Hubby and I spend a fortune on Christmas, but we don't get into debt to do so. I shop all year. All three of my daughters and their families struggle financially, so we usually give the adults things they need: clothes, grocery gift cards, household goods, etc. We also try to give them something they wouldn't normally have in their budget, like gift cards to restaurants and to cinemas so that they can take the kids to the movies. The grandkids get a mixture of toys and clothes. We also buy gifts for underprivileged families. As long as we can afford to do all this, we will continue to do so. Even with all the "stuff," we always remember to impress upon the kids the true meaning of Christmas and the importance of sharing with those less fortunate.
That's a really good idea with regards to your daughters. They get practical things but treats also. I only have my son and daughter, mum and sister to buy for. I start early. When my kids were younger though I used to insist that they rounded up the toys they didn't play with any more and we've give them to Wood Street Mission. Similar purpose, disadvantaged families.
Good for you, Hollie! I think it's so important to teach kids about caring about our fellow earth dwellers - humans and animals.
Holle, Celtic warrior princess (my old signature I used when I was teaching!)
Ah, beautiful name. My daughter's name is Hollie, my son's Thomas. My name is Lisa. (using the name Hollie makes me feel young and fresh though ) You're absolutely right, I think it is important to teach kids about caring for others. My daughter still gives clothes and other bits and bobs to a younger girl in our street (Chelsea, the younger girl, lives with her grandmother and her mother is a substance user) My son on the other hand, wears and uses things until they're no longer fit for purpose
Christmas should be more about being together as a family then about presents. We have not had Christmas for ten years now... but we get together and have a great meal and spend time visiting and catching up as a family.
I haven't bought a Christmas gift in 8 years. I stopped doing a commercial Christmas because in essence it was a waste of my time, stressful hunting for gifts that people didn't really want anyway, and a waste of money.
Going back to basics with Christmas would be a good thing for all of us. Sharing a nice meal with family and friends, small gifts under $20 or even $10. Make gifts - imagine if we all learned to knit socks or scalves. It could be a novelty to see what color you got each year!
I think adults can understand the logic of cutting down the amount you spend on Christmas and will happily accept a token gift and it is about getting the right gift for the person rather than spending a lot of money on presents. A small hamper or a re-usable bag with wrapped gifts that did not cost much to buy or make can be fun to put together and to receive.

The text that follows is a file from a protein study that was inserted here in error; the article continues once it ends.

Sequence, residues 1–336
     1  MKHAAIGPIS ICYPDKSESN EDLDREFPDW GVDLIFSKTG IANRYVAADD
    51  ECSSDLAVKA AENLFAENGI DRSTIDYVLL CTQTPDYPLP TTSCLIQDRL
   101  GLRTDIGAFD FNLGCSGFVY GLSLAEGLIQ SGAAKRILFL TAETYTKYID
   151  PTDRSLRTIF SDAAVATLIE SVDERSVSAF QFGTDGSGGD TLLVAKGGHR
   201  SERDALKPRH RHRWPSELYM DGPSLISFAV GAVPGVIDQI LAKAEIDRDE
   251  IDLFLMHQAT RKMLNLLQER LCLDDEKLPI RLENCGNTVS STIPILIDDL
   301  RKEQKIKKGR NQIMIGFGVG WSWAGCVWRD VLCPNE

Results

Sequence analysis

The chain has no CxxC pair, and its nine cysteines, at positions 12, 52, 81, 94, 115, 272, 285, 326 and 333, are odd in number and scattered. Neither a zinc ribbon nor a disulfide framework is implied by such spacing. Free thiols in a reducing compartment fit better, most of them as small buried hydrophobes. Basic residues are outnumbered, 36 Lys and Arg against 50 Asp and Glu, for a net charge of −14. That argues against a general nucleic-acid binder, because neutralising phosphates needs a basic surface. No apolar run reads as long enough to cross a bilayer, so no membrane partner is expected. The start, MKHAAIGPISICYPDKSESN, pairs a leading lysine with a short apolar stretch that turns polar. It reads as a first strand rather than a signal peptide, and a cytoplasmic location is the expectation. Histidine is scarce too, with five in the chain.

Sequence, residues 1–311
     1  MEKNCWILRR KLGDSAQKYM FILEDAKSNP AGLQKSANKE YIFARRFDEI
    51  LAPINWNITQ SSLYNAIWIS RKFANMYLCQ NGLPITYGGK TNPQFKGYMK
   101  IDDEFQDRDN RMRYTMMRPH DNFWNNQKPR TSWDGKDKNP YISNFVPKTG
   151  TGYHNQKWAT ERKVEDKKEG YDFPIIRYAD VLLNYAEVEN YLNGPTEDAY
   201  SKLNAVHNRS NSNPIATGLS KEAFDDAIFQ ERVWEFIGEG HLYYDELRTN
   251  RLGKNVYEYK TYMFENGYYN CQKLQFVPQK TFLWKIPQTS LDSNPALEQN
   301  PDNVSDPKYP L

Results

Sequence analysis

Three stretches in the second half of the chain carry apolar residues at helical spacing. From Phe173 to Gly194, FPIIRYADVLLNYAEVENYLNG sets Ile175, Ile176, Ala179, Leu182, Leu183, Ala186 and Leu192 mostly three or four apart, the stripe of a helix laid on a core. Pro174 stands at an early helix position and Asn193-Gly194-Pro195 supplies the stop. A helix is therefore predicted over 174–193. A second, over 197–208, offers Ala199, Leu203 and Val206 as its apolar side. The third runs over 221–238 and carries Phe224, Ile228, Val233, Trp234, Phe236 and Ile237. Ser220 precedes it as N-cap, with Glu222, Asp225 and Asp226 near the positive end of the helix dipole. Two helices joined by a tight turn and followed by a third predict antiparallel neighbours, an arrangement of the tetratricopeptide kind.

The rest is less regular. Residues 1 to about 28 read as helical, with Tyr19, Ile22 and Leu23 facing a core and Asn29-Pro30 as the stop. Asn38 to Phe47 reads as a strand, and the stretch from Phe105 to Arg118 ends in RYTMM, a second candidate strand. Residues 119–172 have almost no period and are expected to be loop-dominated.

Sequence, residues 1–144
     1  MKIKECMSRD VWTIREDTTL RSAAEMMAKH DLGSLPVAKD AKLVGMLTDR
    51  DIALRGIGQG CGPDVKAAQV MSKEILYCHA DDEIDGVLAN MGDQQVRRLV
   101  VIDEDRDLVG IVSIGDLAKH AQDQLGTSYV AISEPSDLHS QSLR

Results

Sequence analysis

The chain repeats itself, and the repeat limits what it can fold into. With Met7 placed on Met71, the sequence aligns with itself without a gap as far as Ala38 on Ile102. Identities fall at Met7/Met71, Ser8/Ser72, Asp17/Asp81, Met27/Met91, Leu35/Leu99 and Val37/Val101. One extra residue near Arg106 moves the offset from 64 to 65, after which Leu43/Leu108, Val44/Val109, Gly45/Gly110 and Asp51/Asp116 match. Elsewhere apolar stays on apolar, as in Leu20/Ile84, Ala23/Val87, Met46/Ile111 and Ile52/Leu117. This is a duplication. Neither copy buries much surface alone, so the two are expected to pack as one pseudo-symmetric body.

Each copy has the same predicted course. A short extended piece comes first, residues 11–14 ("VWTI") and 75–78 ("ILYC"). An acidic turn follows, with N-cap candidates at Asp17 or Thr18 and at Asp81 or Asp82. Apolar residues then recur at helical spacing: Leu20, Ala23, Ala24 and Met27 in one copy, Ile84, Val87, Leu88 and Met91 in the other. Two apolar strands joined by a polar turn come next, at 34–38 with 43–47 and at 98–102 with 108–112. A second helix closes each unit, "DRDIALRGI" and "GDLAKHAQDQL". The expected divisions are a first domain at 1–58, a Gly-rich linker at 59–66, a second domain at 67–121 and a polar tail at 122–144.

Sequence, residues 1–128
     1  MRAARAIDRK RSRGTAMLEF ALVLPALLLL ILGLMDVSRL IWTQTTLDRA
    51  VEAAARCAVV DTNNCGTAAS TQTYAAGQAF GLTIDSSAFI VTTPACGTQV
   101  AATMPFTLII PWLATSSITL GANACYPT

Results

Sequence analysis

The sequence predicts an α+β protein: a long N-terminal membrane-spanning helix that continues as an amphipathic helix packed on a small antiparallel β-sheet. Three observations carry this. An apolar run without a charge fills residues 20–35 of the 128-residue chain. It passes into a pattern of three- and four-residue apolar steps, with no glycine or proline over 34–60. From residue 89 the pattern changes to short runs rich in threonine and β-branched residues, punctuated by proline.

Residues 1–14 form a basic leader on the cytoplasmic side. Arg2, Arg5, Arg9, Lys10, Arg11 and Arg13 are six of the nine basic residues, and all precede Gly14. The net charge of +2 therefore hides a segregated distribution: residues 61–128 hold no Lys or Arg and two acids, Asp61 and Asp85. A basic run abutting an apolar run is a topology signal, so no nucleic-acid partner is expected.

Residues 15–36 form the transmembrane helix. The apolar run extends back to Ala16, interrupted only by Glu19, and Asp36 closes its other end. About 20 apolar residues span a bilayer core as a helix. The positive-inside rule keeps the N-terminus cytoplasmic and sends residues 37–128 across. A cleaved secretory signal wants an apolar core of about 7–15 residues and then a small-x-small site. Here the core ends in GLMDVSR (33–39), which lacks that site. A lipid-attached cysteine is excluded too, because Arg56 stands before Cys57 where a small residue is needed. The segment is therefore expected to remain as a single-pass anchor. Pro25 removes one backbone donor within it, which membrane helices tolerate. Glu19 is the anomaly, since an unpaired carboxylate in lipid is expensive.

The little ones (pre-school) are happy with the presents they get as Christmas is special to them anyway. You can could ask grand-parents to buy the item you know they will love.
The big problem of spending on Christmas gifts comes with older children and the peer pressure they experience in the 'who got the latest hi tech. gift or game' comparison conversations. Not sure how anyone copes with that one as I have not experienced it.
I find it funny when little kids play with the cardboard box the gift came in before they are interested in the toy that was the gift. To me that demonstrates that before the age when they have input from the media and friends; if small children like something how much it cost is immaterial to them.
In tough years my family went for a $5 cap on gifts and pot luck dinner. I doubt the whole thing cost anyone more than $20.
I have a blog with gift ideas, and toys under 20 for the little ones.
But, I had a neighbor with young kids who had hit hard times with job loss.
Tips I gave to her:
Kids need clothes: Instead of wrapping the matching shirt and pants together, wrap them separately. Result: 2 gifts instead of 1.
Wrap everything separately, which makes it look like that have more gifts than they really have.
Big Kids: Have them make a wish list,hopefully for gifts under x number of dollars. If there is something over the budget allowed, tell them that this may be the only one they get. Call this their big gift. Buy them one thing that they really want. The rest of the gifts are to be for necessity items which you have to buy anyway.
Stop gift exchange between families. I buy for you, you buy for me. Now does that really make sense? All you are doing is spending money on each other, or look at it this way, exchanging money back and forth.
Just sit down with those who are old enough to understand, the money is not here this year, and you are going to have to cut back.
Choose a dinner that everybody is not going to tired of eating. Maybe everybody is tired of the traditional dinner and prefer something else that is not so expensive. Holiday dinners can eat up one week of grocery money,just for one stinking meal. Maybe there is one dish they all love, but don't really care for the rest.
Make your budget. Spend what you can afford to spend. Buy what is needed first. Then, if you have extra you can afford to spend, all well in good. It is not worth going in debt, maybe not being able to pay a heat bill just because of a holiday that is so overly commercialized. Remember, most families are having a rough time this year. If you get lucky and earn a bit at the last minute, all well and good. If not, do the best you can.
Christmas is time for family, not to go broke.
I am hardly spending anything on Christmas - just small, thoughtful gifts for my friends and family. We all agreed to do so this year!
This Christmas will not be like years past for many reasons,but after reading this I am much more happy about it.
Vote with your wallet.
I wrote a hub on a cheap christmas: http://lindasmith1.hubpages.com/hub/Che … tmas-Ideas
There are lots of nice gifts for under $20. If you are a baker, candy maker, craft person, homemade gifts are nice. I had a neighbor bake us cookies every year and I loved it. But, she moved, so no more cookies.
You can give a night of babysitting, cooking a meal, making a nice dessert as a gift whether you do it this year or at some point next yearl.
If you are single, without children over the age of 4, then you are in pretty good shape. Babies don't know they are suppose to get presents.
A lot of us have an empty or almost empty Christmas cookie jar, so those you know certainly will understand.